Docs / Language Manual / Primitive Types

Primitive Types

ReScript comes with the familiar primitive types like string, int, float, etc.


ReScript strings are delimited using double quotes (single quotes are reserved for the character type below).

ReScriptJS Output
let greeting = "Hello world!"
let multilineGreeting = "Hello

To concatenate strings, use ++:

ReScriptJS Output
let greetings = "Hello " ++ "world!"

String Interpolation

There's a special syntax for string that allows

  • multiline string just like before

  • no special character escaping

  • Interpolation

  • Proper unicode handling

ReScriptJS Output
let name = "Joe"

let greeting = `Hello

This is just like JavaScript's backtick string interpolation, except without needing to escape special characters.

For interpolation, you'll have to convert the binding (name in the example) into a string if it isn't one. If you want the interpolation to implicitly convert a binding into a string, prepend a j:

ReScriptJS Output
let age = 10
let message = j`Today I am $age years old.`


See the familiar Js.String API in the API docs. Since a ReScript string maps to a JavaScript string, you can mix & match the string operations in both standard libraries.

Tips & Tricks

You have a good type system now! In an untyped language, you'd often overload the meaning of string by using it as:

  • a unique id: var BLUE_COLOR = "blue"

  • an identifier into a data structure: var BLUE = "blue" var RED = "red" var colors = [BLUE, RED]

  • the name of an object field: person["age"] = 24

  • an enum: if (audio.canPlayType() === 'probably') {...} (ಠ_ಠ)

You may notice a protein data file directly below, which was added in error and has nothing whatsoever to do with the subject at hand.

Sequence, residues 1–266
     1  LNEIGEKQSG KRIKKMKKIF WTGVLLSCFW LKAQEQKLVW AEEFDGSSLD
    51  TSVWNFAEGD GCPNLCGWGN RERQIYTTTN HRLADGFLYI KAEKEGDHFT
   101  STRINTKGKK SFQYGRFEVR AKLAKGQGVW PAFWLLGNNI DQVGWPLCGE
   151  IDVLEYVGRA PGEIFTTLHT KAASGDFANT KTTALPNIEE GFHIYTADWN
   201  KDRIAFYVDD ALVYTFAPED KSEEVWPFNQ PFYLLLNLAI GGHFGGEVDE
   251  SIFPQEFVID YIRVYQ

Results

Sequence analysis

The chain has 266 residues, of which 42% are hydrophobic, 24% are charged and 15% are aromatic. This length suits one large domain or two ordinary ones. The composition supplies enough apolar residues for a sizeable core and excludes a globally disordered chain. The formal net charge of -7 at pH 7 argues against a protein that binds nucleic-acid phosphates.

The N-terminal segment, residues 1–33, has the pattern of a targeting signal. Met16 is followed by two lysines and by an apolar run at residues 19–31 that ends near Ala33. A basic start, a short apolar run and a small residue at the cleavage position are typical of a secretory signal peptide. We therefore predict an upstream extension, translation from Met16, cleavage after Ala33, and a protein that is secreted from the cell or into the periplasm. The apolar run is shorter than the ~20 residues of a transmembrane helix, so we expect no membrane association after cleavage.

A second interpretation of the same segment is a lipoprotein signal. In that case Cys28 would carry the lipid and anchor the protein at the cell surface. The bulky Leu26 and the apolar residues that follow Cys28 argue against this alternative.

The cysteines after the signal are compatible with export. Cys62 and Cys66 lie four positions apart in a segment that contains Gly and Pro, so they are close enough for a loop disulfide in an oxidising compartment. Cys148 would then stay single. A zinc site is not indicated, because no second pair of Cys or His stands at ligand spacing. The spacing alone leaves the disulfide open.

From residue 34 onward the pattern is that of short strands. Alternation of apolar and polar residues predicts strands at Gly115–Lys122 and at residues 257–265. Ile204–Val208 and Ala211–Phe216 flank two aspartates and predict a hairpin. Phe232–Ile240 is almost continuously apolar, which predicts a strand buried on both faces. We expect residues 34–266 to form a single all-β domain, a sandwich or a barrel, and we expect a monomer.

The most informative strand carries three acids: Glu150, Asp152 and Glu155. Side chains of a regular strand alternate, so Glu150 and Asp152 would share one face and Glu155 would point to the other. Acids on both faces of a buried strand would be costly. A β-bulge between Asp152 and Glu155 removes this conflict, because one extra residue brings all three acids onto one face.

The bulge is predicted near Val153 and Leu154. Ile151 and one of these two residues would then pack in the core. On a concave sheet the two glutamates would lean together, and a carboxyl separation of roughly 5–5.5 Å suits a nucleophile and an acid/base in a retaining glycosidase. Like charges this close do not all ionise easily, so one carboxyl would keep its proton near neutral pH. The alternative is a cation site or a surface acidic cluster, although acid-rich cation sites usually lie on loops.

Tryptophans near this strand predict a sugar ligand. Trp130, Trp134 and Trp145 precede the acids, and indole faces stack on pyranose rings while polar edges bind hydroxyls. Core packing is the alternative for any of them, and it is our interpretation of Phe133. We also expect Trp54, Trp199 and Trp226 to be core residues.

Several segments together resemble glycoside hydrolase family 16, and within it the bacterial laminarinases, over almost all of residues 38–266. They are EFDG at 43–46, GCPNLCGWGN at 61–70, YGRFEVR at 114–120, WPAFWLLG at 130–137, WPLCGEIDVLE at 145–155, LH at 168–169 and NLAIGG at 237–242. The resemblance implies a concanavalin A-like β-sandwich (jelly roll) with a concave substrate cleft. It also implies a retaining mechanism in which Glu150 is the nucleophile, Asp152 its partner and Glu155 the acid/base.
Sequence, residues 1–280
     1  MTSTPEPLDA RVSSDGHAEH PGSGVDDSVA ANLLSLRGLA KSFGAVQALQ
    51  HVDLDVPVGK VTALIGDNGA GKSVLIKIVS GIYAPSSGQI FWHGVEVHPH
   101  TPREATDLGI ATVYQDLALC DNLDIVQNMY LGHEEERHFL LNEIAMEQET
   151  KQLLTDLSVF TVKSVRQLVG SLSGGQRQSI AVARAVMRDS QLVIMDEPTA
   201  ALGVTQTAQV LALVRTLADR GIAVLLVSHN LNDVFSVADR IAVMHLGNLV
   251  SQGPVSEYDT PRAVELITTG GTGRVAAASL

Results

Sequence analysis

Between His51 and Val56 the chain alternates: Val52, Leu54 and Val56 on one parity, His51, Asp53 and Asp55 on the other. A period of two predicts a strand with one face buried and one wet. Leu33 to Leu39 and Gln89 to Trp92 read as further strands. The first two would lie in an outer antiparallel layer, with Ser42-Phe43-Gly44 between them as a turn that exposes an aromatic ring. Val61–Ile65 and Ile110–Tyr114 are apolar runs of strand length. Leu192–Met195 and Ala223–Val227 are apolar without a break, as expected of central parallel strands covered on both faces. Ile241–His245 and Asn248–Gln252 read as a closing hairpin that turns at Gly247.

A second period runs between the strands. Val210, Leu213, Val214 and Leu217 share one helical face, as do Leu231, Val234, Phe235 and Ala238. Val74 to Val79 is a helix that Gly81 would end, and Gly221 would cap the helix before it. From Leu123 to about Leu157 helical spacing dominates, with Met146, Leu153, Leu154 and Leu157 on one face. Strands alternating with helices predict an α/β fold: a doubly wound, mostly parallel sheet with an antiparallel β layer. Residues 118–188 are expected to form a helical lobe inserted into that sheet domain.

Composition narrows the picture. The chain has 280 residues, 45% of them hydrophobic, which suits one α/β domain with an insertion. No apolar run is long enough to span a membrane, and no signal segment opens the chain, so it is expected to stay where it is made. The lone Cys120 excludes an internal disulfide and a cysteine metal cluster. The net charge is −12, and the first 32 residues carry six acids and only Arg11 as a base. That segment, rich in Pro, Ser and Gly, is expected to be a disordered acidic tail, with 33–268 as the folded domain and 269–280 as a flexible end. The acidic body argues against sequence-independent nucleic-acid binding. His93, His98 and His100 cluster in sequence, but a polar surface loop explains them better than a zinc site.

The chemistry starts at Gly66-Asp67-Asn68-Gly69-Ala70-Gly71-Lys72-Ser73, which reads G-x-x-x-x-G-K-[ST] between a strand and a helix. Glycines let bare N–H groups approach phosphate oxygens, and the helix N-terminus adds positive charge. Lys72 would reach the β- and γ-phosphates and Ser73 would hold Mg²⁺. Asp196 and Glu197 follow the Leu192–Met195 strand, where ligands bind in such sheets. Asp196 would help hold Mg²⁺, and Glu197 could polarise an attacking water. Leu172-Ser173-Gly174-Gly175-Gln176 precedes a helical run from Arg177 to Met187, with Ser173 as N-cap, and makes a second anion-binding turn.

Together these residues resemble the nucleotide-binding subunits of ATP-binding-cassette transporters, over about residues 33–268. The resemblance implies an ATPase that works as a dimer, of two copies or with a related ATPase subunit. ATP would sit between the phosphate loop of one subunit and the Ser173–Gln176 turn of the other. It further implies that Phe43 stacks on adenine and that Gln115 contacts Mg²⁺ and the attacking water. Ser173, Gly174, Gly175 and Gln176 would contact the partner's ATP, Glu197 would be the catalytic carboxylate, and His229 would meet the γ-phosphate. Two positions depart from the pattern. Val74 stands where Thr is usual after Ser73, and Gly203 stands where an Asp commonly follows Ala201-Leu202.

• other crazy patterns you'll soon find horrible, after getting used to ReScript's alternatives.

The more you overload the poor string type, the less the type system (or a teammate) can help you! ReScript provides concise, fast and maintainable types & data structures alternatives to the use-cases above (e.g. variants, in a later section).


ReScript has a type for a string with a single letter:

ReScriptJS Output
let firstLetterOfAlphabet = 'a'

Note: Char doesn't support Unicode or UTF-8 and is therefore not recommended.

To convert a String to a Char, use String.get("a", 0). To convert a Char to a String, use String.make(1, 'a').

Regular Expression

ReScript regular expressions compile cleanly to their JavaScript counterpart:

ReScriptJS Output
let r = %re("/b/g")

A regular expression like the above has the type Js.Re.t. The Js.Re module contains the regular expression helpers you have seen in JS.


A ReScript boolean has the type bool and can be either true or false. Common operations:

  • &&: logical and.

  • ||: logical or.

  • !: logical not.

  • <=, >=, <, >

  • ==: structural equal, compares data structures deeply. (1, 2) == (1, 2) is true. Convenient, but use with caution.

  • ===: referential equal, compares shallowly. (1, 2) === (1, 2) is false. let myTuple = (1, 2); myTuple === myTuple is true.

  • !=: structural unequal.

  • !==: referential unequal.

ReScript's true/false compiles into a JavaScript true/false.


32-bits, truncated when necessary. We provide the usual operations on them: +, -, *, /, etc. See Js.Int for helper functions.

Be careful when you bind to JavaScript numbers! Since ReScript integers have a much smaller range than JavaScript numbers, data might get lost when dealing with large numbers. In those cases, it’s much safer to bind the numbers as floats. Be extra mindful of this when binding to JavaScript Dates and their epoch time.

To improve readability, you may place underscores in the middle of numeric literals such as 1_000_000. Note that underscores can be placed anywhere within a number, not just every three digits.


Float requires other operators: +., -., *., /., etc. Like 0.5 +. 0.6. See Js.Float for helper functions.

As with integers, you may use underscores within literals to improve readability.


The unit type has a single value, (). It compiles to JavaScript's undefined. It's a dummy type used as a placeholder in various places. You won't need it until you see it.